Not long after, at the top of a mountain, they see the sea, which leads to great rejoicing -- at this point it must have been seen as one of the few things clearly suggesting that their hope of getting out alive might be fulfilled.
They negotiate their way through Macronian territory, then battle through Colchian territory, until they reach the Greek coastal city of Trapezus. This, of course, is cause for celebration. They sacrifice to Zeus for salvation and Heracles for guidance, and arranged for athletic games.
But, of course, they still have to get home.
* The sea passage in Book IV, of course, is deservedly one of the most famous passages of the work:
Now as soon as the vanguard got to the top of the mountain, a great shout went up. And when Xenophon and the rearguard heard it, they imagined that other enemies were attacking in front; for enemies were following behind them from the district that was in flames, and the rearguard had killed some of them and captured others by setting an ambush, and had also taken about twenty wicker shields covered with raw, shaggy ox-hides. But as the shout kept getting louder and nearer, as the successive ranks that came up all began to run at full speed toward the ranks ahead that were one after another joining in the shout, and as the shout kept growing far louder as the number of men grew steadily greater, it became quite clear to Xenophon that here was something of unusual importance; so he mounted a horse, took with him Lycius and the cavalry, and pushed ahead to lend aid; and in a moment they heard the soldiers shouting, “The Sea! The Sea!” and passing the word along. Then all the troops of the rearguard likewise broke into a run, and the pack animals began racing ahead and the horses. And when all had reached the summit, then indeed they fell to embracing one another, and generals and captains as well, with tears in their eyes.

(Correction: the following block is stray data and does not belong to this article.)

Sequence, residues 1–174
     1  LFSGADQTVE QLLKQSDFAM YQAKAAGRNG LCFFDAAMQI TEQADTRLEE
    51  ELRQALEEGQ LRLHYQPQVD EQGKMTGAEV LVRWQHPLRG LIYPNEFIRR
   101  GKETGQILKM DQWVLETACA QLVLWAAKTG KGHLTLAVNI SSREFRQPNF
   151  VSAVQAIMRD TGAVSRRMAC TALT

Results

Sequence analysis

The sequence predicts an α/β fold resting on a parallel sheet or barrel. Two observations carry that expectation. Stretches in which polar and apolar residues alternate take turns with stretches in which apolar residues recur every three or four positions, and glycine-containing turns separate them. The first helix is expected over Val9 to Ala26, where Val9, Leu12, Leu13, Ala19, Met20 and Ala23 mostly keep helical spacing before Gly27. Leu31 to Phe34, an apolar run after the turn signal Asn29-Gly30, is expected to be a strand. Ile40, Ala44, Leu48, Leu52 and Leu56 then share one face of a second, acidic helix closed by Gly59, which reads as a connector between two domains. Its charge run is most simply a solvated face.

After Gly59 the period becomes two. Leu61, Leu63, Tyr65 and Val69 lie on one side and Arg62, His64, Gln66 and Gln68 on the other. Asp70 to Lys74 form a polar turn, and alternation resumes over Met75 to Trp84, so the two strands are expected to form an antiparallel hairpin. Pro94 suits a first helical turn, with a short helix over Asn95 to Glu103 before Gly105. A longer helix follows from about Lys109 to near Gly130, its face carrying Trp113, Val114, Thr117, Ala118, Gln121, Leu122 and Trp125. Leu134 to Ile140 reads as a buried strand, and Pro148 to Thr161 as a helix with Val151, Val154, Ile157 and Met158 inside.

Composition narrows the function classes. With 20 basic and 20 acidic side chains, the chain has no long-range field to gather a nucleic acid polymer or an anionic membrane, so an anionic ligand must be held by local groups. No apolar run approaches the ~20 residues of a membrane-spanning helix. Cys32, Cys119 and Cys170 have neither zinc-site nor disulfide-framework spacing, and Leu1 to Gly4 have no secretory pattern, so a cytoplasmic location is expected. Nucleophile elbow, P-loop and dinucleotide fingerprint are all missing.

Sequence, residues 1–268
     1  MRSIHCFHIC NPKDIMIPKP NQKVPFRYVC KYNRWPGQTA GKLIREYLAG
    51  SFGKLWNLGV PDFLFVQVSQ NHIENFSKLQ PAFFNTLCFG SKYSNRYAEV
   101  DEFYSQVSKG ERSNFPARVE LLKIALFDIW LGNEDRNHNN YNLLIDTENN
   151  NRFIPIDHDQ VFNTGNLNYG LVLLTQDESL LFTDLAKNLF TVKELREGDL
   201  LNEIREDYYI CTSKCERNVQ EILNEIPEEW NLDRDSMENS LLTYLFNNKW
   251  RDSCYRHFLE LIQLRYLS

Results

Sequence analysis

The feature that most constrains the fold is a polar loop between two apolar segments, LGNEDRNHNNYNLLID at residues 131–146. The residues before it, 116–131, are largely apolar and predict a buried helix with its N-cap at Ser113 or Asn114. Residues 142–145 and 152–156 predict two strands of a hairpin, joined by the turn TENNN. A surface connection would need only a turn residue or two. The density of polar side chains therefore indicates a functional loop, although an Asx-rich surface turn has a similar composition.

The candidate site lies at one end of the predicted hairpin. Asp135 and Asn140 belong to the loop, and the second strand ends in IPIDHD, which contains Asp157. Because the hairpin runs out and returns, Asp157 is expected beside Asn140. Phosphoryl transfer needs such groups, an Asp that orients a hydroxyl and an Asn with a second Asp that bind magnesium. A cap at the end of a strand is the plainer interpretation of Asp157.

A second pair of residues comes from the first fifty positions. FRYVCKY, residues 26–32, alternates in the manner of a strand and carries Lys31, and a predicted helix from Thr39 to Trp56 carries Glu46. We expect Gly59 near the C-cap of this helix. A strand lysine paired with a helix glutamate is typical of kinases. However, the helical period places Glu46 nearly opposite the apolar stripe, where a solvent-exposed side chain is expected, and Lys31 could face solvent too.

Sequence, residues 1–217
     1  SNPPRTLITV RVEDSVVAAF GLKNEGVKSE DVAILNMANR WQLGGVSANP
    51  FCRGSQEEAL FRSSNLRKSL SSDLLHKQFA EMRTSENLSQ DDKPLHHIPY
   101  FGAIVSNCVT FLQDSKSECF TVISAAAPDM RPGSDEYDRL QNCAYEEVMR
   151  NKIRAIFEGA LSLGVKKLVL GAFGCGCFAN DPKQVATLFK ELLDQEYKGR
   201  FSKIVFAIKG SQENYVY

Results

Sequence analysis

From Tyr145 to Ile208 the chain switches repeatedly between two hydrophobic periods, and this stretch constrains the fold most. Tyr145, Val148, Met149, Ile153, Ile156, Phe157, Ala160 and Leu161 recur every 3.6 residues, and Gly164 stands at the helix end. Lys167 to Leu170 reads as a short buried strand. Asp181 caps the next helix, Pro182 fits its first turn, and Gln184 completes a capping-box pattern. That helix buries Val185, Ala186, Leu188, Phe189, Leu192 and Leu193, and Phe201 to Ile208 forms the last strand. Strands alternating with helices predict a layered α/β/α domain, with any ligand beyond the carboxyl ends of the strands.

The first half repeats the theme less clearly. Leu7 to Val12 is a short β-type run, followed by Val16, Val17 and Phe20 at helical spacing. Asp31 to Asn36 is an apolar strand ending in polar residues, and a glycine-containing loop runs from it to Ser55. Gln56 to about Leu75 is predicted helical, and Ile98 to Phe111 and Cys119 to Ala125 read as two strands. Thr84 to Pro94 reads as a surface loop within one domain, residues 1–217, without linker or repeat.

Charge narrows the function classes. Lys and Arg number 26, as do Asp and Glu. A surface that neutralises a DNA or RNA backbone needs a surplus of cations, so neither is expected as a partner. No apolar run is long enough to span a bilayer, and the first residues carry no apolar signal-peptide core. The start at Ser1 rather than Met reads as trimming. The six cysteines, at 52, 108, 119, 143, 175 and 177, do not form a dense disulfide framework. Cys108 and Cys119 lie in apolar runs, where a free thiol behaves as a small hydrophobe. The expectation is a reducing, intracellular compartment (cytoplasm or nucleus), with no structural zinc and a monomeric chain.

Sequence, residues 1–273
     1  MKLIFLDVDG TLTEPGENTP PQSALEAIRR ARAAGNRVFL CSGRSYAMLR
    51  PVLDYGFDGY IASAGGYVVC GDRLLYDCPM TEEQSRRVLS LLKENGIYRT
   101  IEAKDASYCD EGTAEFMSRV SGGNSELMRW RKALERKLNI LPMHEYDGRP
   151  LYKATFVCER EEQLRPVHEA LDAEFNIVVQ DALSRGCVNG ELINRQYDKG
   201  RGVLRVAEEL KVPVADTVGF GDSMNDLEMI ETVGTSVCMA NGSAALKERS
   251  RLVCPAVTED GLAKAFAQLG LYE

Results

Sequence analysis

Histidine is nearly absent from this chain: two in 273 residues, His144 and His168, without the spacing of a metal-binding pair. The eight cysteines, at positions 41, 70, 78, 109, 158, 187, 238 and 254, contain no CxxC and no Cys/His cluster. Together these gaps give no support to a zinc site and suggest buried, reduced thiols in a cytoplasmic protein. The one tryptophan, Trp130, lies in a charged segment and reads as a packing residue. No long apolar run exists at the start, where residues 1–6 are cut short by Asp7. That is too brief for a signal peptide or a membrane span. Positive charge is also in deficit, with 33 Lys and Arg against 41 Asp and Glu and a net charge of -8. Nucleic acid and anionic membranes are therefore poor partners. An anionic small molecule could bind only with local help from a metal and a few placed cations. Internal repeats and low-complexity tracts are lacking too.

* The route of Xenophon and the Ten Thousand through Persia: